Twenty years ago, Keyser was living with the ex-Mrs. Söze in Somerville MA while he was finishing his doctorate in daemonology at Harvard. One morning in late June we woke up to hear some plaintive mewing from the driveway alongside our apartment building. It was raining fairly hard, and there was this little kitten sitting in the downpour screaming. So we bring him in. Then the quondam Mrs. S. put up some notices saying, “You lost a kitten?” Later that day, she found out from a neighbor that the cat probably belonged to some Haitian kids who lived down the street and didn’t look after him, so she took down the notices.
Too late! As it turned out, the kitten had been given to the twelve-year-old daughter of the family (they had a lot of kids), and she found out. So she came over to our place demanding the cat back. Seems the parents didn’t really want him, and left him in the outer entryway, where he’d get out when people opened the door without paying attention (which apparently happened often). Got into a prolonged argument with her. I pointed out that she wasn’t actually taking very good care of the kitten. She said it wasn’t her fault, to which I replied that this didn’t affect the issue. After about ten minutes of increasingly heated argumentation, I got a an inspiration. I said I wasn’t about to give the kitten back to her since she obviously wasn’t in a position to look after it, but if her parents came and said they wanted the kitten back, we’d be happy to turn it over. With that I closed the door on her and her small siblings viewing the argument. Last we heard of them.
We called the kitten Maximilian, but this soon was reduced to Maxwell. He was mostly called just Max. The first week he “bonded” to your old friend Keyser. The first day, he clung to my lap, and I didn’t feel like dislodging him to take a leak. Boy, did I have a full bladder by the time he finally curled up along side of me!
So, we’ve had him for the past two decades, through all those tumultuous events. He got diabetes about six years ago. Turns out it’s easy to give cats a shot in the back of the neck, because they have a lot of excess skin there. The present Mrs. S. has been doing that twice a day for years now (sometimes Keyser does it if she’s not around). You buy cheap human insulin and use short human needles. Doesn’t cost much money at all.
After a year or two, his dosage got out of alignment. (You don’t “test” them the way you do with people. Instead, you take the cat in to the vet to measure the sugar level, or whatever it is, about six hours after shooting.) Max’s pancreas (or whatever gland makes insulin) had apparently kicked in a bit, so we reduced the dosage, but then it stopped working again, so he wasn’t getting enough. Not realizing this was going on, we just thought his bad appearance was the result of the illness rather than misdosage. Basically, he was starving, and having a ketoacidosis episode. He looked bad at the end of the weekend, so we thought we’d wait a few days and if things didn’t get better, take him in. So things didn’t improve and we had the testing done midweek. Wasn’t until Friday when we got the news that some big intervention was necessary. Since the regular vet wouldn’t be open over the weekend, we’d have to take him to the expensive emergency vet. The vet seemed to think that this would be a big burden, and suggested that we might have to take unpleasant measures if this was too much money. So I said to her, “What sort of money are we talking about?” She said something like $2000 to $2500. I said, “Oh, shit, that’s not a lot. Spread over all the years we’ve had him and it’s not much at all!” What else is the point of having money?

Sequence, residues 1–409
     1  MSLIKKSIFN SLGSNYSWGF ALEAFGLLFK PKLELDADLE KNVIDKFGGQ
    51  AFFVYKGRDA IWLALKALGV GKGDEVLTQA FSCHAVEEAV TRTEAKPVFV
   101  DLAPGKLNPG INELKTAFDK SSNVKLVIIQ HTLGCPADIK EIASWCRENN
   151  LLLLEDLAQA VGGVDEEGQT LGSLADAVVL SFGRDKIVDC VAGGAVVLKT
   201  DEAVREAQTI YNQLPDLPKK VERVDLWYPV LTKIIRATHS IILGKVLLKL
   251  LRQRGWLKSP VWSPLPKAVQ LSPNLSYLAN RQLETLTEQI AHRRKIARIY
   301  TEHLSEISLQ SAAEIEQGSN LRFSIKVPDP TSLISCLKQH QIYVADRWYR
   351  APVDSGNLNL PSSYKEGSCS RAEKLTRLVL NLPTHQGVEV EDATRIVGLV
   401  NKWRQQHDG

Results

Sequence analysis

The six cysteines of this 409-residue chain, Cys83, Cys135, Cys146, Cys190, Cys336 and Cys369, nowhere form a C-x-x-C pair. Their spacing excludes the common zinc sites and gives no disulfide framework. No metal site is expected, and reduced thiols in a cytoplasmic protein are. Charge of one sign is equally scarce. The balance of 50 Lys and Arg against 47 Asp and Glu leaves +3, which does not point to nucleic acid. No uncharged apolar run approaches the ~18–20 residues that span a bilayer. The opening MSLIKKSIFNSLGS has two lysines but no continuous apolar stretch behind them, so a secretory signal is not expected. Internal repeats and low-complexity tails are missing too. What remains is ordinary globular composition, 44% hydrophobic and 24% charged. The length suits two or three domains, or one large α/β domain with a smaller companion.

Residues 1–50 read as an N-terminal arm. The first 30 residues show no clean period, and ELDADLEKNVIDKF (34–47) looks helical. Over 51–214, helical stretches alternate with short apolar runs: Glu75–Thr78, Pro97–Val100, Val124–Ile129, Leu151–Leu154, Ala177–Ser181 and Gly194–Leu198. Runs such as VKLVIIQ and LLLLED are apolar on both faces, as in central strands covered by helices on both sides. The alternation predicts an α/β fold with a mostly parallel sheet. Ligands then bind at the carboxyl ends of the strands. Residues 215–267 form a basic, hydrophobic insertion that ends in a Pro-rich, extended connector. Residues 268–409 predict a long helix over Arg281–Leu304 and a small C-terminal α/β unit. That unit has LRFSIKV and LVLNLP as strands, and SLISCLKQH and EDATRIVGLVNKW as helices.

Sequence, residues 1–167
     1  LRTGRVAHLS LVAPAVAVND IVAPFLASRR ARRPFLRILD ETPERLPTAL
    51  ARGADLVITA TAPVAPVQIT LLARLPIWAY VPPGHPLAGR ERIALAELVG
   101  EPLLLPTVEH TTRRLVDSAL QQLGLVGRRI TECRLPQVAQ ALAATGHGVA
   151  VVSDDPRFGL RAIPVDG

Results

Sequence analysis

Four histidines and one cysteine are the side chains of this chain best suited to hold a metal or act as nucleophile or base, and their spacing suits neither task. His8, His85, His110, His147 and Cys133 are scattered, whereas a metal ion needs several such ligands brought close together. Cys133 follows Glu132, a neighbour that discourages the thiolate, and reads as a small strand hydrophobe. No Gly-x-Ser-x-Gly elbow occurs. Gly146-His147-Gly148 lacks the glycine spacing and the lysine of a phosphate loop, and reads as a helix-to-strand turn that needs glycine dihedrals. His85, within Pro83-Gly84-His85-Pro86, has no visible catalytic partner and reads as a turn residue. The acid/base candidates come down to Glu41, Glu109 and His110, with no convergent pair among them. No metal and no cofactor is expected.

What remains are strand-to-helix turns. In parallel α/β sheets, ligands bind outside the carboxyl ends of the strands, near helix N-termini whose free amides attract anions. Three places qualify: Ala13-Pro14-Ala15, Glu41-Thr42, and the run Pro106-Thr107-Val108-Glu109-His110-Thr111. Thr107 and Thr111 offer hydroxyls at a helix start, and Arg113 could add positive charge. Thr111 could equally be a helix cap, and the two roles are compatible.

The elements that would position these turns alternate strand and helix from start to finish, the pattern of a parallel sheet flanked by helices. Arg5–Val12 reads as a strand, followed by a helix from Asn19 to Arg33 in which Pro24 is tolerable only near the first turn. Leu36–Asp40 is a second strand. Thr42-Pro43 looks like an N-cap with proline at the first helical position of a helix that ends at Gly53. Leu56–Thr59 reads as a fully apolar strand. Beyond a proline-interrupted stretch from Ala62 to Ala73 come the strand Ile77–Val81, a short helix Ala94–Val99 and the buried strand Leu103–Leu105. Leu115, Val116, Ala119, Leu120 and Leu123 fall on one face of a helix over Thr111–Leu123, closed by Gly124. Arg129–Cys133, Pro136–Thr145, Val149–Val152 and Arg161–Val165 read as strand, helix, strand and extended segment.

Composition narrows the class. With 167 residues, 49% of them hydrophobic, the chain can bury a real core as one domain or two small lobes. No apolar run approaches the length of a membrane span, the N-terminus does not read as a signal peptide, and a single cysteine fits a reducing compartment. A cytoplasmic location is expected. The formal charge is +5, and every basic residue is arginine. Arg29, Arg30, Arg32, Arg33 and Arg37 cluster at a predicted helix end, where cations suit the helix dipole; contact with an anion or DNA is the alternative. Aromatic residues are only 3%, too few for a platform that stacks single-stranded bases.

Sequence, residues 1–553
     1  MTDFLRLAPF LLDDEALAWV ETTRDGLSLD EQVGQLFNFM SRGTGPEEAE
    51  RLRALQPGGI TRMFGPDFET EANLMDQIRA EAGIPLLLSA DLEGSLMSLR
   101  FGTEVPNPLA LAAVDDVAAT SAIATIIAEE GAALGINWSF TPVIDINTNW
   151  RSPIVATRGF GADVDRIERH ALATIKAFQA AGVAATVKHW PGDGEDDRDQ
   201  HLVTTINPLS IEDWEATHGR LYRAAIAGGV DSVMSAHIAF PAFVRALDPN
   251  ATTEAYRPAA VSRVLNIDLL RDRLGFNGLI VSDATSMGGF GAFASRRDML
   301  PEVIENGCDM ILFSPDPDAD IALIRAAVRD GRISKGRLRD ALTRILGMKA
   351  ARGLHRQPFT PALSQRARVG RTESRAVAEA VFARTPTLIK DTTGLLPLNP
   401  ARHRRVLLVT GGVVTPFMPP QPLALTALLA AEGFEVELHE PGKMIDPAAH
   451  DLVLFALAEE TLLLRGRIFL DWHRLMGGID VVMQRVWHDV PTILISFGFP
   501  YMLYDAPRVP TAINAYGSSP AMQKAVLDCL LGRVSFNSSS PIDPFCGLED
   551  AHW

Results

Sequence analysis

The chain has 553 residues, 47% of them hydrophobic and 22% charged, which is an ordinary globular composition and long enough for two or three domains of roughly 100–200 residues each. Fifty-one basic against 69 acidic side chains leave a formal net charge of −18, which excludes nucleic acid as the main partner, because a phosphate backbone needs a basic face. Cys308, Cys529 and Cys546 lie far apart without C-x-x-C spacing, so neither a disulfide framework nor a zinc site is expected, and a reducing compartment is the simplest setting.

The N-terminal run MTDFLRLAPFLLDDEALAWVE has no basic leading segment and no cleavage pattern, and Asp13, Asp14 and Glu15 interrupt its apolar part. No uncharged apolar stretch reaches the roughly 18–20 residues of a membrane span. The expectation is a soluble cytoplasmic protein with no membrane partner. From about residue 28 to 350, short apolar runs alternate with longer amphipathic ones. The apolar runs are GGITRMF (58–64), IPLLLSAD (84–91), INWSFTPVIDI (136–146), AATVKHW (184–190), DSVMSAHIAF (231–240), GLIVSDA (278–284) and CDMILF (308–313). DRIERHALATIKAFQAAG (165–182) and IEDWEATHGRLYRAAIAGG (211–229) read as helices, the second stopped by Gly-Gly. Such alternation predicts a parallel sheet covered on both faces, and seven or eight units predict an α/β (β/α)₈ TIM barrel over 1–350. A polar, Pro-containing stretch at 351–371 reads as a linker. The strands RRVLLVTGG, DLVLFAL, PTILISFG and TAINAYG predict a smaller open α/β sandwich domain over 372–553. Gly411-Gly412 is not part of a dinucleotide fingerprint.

So we took him off to the emergency place Friday evening and hoped for the best. We came to visit the next day, and he was already looking much better. Turned out it was about $2200. Even less if you factor in the next five years or so (I don’t really recall the exact year of this).
Max has been going downhill for a while. A photo from February suggests that he was till doing okay then. He went down hill pretty quickly the past few weeks. Very thin and feeble. Got very needy, but he didn’t seem to know what he wanted. Couldn’t jump up on anything, and when he climbed into a basket on the ground, we sometimes yowed as if in pain. So Saturday I made an appointment with the vet to have him tested again. I suspected the end might be at hand, but it was an easy way into the matter. Mrs. S. was trying to avoid going to the vet’s in order not to hear bad news. Today was the first available appointment.
By the time we got to today, it was pretty clear we were at the end. And so it was. The vet said he felt like just skin, with no muscle. That presumably explains why he couldn’t walk right any more. You know, it’s hard to determine when somebody else’s life should end. You don’t want them to be in pain or to have a “life” that’s nothing more than mere existence. On the other hand, you don’t want to pull the plug too soon if it’s possible for things to improve. To tell the truth, you wish that his body would just fail of its own accord, so you’d get up in the morning and find that he’d died in his sleep.
No such “luck”. I think we did the right thing. Maybe in retrospect, it could have been done a few days earlier, but there’s no way to know that there’s no going back until you’ve gone on a bit.
It was distressing at the time, but it was the right decision. And now it’s a relief not to have the weight hanging over you of figuring out when the time is at hand.
For long-time readers of the Lair, you might remember Max’s intervention during a daemonological interview Keyser was giving. Or his joyful tearing apart of a robin. The picture above was taken the same summer, when he was still in his prime.
Requiescat in pace, Max the cat!